Lessons learned for climate mitigation. Climate change, if left unchecked, can become dangerous within a decade or two, affecting billions with deadly heat waves, floods and droughts, making it an existential risk as initial warming sets off self-reinforcing feedbacks that can fall like dominoes.
On the bright side, the Nature study was only published in May 2018—but within two months, parties to the Montreal Protocol and the institutions of their treaty started responding to locate and mitigate the anomalous emissions. How was that possible? We ascribe this to unimpeachable scientific data, and 30-plus years of a successful public-private partnership between the science community, policy makers, parties, and private industry. The network of calibrated monitoring stations for CFCs must be given the top credit for helping sustain this partnerships.
Similar unimpeachable networks of calibrated monitoring stations must be set up for major climate warming pollutants such as carbon dioxide, methane, black carbon, and tropospheric ozone. Networks exist but are not globally adequate. For example, the carbon dioxide data still has more than 5 percent uncertainty; methane has an uncertainty of at least 15 percent or more; and black carbon emission inventories are uncertain by 50 percent or more. We are not claiming that improving the accuracy of monitoring of the emissions of climate pollution will by itself overcome the current impasse in climate mitigation actions. But it is a necessary ingredient for effective climate mitigation policies.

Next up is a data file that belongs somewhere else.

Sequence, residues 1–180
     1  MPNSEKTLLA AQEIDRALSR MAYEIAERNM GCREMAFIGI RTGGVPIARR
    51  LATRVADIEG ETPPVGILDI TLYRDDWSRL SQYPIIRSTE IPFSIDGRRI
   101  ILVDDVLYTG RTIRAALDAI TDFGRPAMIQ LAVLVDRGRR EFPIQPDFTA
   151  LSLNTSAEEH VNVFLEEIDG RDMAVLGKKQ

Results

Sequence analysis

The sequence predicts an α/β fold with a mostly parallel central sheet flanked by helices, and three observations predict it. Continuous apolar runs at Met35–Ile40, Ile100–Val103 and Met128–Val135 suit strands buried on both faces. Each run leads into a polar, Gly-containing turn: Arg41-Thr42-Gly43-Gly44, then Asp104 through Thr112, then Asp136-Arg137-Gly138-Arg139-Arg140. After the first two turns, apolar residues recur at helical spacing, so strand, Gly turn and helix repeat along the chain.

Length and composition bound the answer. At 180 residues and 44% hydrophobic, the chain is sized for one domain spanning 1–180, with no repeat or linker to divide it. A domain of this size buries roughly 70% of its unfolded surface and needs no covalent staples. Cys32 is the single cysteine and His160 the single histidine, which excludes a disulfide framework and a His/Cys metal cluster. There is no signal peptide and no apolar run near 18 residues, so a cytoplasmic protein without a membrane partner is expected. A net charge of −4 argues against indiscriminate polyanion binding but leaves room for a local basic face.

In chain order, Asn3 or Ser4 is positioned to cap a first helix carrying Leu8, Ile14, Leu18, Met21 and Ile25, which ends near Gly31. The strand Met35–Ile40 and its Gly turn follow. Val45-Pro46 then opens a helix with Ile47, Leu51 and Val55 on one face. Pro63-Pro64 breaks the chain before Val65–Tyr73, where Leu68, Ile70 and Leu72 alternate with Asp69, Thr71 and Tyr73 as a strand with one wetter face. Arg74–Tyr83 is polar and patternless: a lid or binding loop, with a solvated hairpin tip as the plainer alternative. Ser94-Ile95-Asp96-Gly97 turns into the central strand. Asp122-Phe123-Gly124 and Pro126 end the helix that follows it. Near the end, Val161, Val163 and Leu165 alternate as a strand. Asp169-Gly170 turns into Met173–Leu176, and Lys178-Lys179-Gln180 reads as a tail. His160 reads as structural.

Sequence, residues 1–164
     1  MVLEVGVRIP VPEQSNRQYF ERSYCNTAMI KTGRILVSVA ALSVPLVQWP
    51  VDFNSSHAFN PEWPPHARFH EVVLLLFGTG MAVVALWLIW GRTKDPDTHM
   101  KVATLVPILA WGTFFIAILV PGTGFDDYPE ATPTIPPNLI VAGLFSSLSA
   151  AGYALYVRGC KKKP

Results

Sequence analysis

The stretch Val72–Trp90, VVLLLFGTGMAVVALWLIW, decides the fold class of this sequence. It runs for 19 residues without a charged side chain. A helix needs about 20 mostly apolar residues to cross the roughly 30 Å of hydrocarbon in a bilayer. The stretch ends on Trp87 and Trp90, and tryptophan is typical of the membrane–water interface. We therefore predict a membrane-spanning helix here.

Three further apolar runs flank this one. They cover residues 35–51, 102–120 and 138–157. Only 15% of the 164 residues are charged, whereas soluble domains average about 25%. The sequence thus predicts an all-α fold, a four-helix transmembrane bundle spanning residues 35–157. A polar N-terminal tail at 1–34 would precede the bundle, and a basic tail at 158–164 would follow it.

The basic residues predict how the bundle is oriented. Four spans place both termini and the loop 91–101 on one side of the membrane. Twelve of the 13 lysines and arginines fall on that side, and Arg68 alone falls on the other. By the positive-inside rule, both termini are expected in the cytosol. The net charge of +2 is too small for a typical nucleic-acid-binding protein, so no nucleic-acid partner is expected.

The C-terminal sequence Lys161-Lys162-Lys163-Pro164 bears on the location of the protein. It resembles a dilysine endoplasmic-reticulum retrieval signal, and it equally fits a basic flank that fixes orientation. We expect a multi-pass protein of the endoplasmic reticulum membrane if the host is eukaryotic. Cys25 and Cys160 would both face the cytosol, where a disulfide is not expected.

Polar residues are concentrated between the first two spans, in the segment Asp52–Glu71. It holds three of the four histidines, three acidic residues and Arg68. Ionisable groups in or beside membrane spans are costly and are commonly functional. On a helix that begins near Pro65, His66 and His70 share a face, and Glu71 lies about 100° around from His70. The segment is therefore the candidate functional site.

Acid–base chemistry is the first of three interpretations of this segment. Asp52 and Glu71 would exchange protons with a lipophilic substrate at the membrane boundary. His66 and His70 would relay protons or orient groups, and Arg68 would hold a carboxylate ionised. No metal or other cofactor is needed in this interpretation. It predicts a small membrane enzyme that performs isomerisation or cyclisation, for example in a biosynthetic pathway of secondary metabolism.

Fast and sustained action is needed by the Parties and the Montreal Protocol regime to ensure that the treaty gets back on track to phase out CFC-11 and repair the stratospheric ozone layer on schedule. When he opened the Open-Ended Working Group meeting in July, Austria’s Secretary-General of the Ministry of Sustainability and Tourism, Josef Plank, stated that while the responses to the unexpectedly high CFC-11 emissions “clearly demonstrate the functioning of established implementing and surveillance tools of the Protocol, …[i]t could further be seen as an opportunity to refine the implementation strategies of the Montreal Protocol with a view to make the system even more effective.”
The Montreal Protocol has had violations in the past, and always worked successfully to correct them. The size of the current emissions, however, suggests the need to further strengthen the monitoring and compliance assurance mechanisms to identify violations at the earliest possible time, and to correct them as quickly as possible. In addition, it also will be important to re-evaluate the assumptions for stockpiles and banks, including their leak rates.
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Keywords: CFCs, chlorofluorocarbons, climate change, ozone hole, ozone layer
Topics: Analysis, Climate Change